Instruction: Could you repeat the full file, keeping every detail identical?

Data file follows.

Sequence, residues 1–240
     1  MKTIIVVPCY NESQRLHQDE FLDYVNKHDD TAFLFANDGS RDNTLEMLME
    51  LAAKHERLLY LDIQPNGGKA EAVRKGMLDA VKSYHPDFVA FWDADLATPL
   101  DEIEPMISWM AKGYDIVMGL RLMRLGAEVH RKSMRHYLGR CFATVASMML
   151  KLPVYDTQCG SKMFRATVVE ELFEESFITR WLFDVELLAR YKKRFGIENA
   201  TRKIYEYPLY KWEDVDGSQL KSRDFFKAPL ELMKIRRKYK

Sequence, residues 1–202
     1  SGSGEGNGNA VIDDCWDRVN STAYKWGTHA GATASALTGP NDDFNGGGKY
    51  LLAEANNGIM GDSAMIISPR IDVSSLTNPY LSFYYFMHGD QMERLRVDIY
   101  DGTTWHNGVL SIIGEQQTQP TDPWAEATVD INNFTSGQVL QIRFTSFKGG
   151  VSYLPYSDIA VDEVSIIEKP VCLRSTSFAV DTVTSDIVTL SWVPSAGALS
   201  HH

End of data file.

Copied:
Sequence, residues 1–240
     1  MKTIIVVPCY NESQRLHQDE FLDYVNKHDD TAFLFANDGS RDNTLEMLME
    51  LAAKHERLLY LDIQPNGGKA EAVRKGMLDA VKSYHPDFVA FWDADLATPL
   101  DEIEPMISWM AKGYDIVMGL RLMRLGAEVH RKSMRHYLGR CFATVASMML
   151  KLPVYDTQCG SKMFRATVVE ELFEESFITR WLFDVELLAR YKKRFGIENA
   201  TRKIYEYPLY KWEDVDGSQL KSRDFFKAPL ELMKIRRKYK

Sequence, residues 1–202
     1  SGSGEGNGNA VIDDCWDRVN STAYKWGTHA GATASALTGP NDDFNGGGKY
    51  LLAEANNGIM GDSAMIISPR IDVSSLTNPY LSFYYFMHGD QMERLRVDIY
   101  DGTTWHNGVL SIIGEQQTQP TDPWAEATVD INNFTSGQVL QIRFTSFKGG
   151  VSYLPYSDIA VDEVSIIEKP VCLRSTSFAV DTVTSDIVTL SWVPSAGALS
   201  HH